Temperance River is the fifth state park you will encounter along the shore. George Crosby Manitou is the fourth, but we missed it. I’ll chalk our drive-by up to the park not being right off Hwy 61. We will have to catch it next trip.
In 1957, Minnesota organized 539 acres into the Temperance River State Park. This park is a gorgeous. The river plunges through a narrow gorge just before reaching Lake Superior; the surround tails provide ample opportunities for viewing the wonderous water. There are several miles of hiking trails to explore and direct access to the Superior Hiking Trail. The Superior Hiking Trail passes through the park, along the river gorge before climbing to the top of Carlton Peak, almost 1000 feet above Lake Superior. Two campsites grace the shoreline here, one on either side of the river.
Pierre Esprit Radisson and Medard Chouart, Sier des Groselliers, were probably the first white visitors to the North Shore when they traveled up the shore of Lake Superior during 1660. Along with the Ojibwe Indians, the French controlled the North Shore area until 1763. The first white settlers in the area were probably clerks at American Fur Company posts located along the shore in the 1830s. It is said the park got its name because, unlike other North Shore streams, the river had no bar at its mouth. At one time, the waters of this particular river flowed so deep and so strong into Lake Superior that there was no build-up of debris. This meant that there was no “bar.” What could you call a river without a bar? For an appropriate, if slightly tongue-in-cheek selection, “temperance” fits perfectly. The area became a state park in 1957. Campsites on both sides of the river, plus the park’s hiking trails and picnic areas, draw a steady stream of visitors to this North Shore park.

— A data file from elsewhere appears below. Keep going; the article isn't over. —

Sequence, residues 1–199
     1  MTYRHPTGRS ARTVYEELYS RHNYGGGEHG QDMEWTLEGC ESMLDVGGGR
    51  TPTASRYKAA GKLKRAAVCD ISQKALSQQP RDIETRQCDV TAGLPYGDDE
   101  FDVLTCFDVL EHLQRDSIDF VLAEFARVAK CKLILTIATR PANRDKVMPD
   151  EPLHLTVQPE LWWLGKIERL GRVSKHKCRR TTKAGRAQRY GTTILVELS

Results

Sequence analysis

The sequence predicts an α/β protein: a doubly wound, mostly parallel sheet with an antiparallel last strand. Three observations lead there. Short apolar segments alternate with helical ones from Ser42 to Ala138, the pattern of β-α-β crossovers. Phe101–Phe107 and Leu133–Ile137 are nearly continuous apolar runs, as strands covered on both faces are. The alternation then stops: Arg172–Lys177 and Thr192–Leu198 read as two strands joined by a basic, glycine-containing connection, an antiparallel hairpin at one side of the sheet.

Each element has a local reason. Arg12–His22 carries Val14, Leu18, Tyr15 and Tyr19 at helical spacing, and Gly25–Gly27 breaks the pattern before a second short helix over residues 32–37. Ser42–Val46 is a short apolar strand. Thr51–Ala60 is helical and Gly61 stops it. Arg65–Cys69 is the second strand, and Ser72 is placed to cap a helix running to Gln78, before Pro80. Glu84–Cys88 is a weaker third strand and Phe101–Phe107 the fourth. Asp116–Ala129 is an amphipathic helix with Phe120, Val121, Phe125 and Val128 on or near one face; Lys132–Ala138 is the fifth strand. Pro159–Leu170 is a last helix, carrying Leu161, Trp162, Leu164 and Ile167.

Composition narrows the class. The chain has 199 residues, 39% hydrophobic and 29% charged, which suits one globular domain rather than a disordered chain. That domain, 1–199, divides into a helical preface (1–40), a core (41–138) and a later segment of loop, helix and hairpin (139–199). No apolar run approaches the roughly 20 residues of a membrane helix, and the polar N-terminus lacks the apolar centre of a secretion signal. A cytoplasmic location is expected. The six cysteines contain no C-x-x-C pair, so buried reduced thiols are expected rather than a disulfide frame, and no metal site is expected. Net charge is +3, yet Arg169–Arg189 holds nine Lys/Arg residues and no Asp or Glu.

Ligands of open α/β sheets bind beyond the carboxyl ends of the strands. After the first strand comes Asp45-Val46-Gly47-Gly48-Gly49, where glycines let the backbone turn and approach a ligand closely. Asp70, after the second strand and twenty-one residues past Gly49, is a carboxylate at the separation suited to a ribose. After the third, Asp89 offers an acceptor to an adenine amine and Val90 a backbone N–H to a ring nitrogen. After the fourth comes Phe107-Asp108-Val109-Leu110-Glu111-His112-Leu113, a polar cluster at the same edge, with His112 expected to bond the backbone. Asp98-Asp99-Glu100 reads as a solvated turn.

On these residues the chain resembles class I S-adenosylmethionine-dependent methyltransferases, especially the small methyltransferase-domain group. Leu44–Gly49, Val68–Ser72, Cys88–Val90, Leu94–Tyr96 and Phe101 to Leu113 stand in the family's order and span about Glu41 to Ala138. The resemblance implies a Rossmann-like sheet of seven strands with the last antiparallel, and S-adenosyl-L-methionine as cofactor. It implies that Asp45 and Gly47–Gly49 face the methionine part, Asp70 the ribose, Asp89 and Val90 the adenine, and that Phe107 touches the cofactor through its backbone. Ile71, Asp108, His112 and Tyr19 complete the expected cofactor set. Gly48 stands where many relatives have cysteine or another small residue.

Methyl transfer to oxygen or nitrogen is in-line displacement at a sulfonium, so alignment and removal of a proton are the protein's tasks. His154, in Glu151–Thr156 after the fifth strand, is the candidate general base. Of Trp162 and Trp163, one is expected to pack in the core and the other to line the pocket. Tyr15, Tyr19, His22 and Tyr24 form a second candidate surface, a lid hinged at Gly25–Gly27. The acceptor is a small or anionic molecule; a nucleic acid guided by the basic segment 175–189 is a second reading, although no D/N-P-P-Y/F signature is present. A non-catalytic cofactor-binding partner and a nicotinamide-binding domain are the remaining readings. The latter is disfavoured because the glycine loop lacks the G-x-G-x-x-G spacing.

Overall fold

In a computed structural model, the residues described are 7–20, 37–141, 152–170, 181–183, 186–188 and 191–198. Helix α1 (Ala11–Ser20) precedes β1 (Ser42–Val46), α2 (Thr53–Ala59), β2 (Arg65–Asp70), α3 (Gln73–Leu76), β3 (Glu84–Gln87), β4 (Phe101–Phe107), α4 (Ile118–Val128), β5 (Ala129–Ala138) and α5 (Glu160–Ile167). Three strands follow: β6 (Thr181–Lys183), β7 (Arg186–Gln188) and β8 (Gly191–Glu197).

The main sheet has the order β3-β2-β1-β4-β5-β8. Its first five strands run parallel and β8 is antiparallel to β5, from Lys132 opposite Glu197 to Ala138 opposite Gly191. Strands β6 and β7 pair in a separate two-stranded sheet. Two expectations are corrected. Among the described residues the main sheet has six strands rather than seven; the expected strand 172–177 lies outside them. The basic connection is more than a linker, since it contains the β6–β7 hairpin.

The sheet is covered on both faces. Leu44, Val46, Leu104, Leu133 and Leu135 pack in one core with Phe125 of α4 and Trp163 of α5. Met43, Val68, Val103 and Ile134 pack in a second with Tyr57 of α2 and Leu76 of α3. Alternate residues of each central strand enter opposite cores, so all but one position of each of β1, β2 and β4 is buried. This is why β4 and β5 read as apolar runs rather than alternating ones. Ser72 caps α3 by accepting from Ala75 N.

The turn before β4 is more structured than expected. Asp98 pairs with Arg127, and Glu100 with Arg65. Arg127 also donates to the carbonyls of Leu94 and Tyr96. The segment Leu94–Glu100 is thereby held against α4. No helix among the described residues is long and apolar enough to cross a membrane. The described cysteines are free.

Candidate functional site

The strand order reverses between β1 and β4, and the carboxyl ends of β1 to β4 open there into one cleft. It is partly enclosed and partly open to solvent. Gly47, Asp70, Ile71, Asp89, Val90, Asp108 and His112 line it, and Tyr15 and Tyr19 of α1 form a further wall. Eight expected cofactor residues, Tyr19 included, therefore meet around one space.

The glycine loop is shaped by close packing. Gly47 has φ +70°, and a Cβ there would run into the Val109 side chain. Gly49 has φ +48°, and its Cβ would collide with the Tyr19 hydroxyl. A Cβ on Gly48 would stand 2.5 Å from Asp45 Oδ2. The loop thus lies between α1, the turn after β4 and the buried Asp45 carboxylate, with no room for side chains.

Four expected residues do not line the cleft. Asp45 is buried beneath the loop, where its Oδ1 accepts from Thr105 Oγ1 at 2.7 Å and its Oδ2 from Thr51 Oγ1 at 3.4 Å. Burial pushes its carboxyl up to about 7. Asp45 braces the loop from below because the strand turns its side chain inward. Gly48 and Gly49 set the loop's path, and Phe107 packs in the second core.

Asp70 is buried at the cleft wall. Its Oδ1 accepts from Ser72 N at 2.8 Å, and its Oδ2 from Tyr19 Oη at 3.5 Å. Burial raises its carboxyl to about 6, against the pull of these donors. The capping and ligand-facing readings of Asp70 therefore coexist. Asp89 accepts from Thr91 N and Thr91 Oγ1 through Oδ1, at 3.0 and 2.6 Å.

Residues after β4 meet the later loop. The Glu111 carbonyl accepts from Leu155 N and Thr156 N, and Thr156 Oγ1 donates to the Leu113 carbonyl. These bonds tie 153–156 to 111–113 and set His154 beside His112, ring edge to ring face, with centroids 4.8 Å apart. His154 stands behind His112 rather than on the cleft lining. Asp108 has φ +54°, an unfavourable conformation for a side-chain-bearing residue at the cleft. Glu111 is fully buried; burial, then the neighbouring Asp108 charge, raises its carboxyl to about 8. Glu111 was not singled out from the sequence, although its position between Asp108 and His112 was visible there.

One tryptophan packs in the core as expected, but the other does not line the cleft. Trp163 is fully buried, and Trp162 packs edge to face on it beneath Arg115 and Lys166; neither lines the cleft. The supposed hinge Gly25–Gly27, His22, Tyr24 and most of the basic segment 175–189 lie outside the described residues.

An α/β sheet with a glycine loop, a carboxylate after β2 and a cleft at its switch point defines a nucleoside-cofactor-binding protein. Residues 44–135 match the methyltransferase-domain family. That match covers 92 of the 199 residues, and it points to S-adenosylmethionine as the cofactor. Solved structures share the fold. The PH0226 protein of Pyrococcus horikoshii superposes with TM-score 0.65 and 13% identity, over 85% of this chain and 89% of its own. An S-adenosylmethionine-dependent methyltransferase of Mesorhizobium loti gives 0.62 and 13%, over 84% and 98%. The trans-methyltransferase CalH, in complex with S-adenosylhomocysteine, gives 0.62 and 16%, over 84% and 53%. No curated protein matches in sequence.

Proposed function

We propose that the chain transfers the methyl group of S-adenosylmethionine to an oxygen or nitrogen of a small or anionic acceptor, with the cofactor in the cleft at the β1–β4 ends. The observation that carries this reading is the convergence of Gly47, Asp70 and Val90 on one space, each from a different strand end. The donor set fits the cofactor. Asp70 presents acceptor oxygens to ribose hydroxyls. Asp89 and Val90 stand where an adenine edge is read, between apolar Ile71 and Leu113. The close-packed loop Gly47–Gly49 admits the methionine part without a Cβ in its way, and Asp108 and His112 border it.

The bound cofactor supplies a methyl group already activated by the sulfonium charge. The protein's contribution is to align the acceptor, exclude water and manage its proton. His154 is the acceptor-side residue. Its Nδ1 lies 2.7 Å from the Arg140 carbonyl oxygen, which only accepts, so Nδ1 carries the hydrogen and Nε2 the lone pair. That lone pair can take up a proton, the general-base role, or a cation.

Here are my shots of our visit to Temperance River.